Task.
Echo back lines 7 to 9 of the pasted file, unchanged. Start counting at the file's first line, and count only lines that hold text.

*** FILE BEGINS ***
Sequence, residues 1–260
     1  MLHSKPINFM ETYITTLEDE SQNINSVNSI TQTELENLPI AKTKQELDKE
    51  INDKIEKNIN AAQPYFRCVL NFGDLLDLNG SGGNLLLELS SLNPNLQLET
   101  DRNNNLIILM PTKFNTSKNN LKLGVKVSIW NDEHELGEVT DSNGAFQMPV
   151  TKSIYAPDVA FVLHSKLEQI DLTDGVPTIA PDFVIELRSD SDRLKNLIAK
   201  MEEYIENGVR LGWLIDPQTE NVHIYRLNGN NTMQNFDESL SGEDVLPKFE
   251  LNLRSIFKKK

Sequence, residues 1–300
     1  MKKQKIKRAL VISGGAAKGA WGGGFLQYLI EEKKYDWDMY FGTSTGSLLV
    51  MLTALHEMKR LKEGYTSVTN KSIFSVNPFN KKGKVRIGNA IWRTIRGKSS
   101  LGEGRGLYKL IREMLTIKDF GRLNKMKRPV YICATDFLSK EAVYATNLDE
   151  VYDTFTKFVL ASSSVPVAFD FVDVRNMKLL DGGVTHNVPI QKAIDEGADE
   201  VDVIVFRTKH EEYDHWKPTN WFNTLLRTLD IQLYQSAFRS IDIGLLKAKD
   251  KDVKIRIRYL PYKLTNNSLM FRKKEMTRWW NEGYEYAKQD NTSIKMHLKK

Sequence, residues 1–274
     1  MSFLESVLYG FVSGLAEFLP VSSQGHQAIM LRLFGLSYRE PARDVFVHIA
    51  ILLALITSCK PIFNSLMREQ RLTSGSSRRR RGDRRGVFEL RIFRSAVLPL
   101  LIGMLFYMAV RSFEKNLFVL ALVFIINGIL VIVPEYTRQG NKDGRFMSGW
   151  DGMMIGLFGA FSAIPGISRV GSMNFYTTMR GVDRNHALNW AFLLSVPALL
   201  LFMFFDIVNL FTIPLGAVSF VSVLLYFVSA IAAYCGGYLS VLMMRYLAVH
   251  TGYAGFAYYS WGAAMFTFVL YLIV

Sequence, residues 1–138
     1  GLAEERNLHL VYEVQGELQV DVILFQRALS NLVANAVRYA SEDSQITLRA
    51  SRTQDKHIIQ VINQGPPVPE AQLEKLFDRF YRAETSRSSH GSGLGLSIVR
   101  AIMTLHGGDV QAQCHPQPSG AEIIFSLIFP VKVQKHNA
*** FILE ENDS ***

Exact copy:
   251  LNLRSIFKKK

Sequence, residues 1–300
     1  MKKQKIKRAL VISGGAAKGA WGGGFLQYLI EEKKYDWDMY FGTSTGSLLV